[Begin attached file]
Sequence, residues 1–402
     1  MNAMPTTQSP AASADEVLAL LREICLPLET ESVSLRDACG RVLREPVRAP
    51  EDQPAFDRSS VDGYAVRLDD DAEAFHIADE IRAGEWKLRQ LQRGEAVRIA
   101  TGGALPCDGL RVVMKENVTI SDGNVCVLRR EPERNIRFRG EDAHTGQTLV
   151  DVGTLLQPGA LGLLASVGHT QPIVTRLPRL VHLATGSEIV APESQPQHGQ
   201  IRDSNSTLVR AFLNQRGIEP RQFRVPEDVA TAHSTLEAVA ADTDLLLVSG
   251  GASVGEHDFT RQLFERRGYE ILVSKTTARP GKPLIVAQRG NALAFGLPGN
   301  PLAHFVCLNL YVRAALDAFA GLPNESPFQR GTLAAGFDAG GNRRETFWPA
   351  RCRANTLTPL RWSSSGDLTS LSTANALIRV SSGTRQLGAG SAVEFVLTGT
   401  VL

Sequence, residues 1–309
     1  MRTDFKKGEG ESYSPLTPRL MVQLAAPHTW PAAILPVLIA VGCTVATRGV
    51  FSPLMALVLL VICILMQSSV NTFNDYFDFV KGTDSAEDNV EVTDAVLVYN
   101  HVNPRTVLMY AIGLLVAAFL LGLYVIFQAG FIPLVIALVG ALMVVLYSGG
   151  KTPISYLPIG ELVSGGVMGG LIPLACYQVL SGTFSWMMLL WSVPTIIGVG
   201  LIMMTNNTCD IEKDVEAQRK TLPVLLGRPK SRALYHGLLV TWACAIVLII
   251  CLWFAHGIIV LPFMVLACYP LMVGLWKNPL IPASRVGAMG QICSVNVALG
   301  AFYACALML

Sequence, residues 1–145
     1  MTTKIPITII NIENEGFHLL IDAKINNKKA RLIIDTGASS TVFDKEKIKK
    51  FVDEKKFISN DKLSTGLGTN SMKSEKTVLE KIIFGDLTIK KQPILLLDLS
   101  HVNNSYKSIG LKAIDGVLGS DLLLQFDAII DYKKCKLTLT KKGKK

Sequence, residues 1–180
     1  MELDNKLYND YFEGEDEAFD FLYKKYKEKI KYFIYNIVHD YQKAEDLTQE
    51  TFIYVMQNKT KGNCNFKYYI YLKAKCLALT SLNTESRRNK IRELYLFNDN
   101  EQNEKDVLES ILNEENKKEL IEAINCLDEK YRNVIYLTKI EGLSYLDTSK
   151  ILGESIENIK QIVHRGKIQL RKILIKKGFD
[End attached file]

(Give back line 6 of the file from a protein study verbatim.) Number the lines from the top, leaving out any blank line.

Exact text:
   201  IRDSNSTLVR AFLNQRGIEP RQFRVPEDVA TAHSTLEAVA ADTDLLLVSG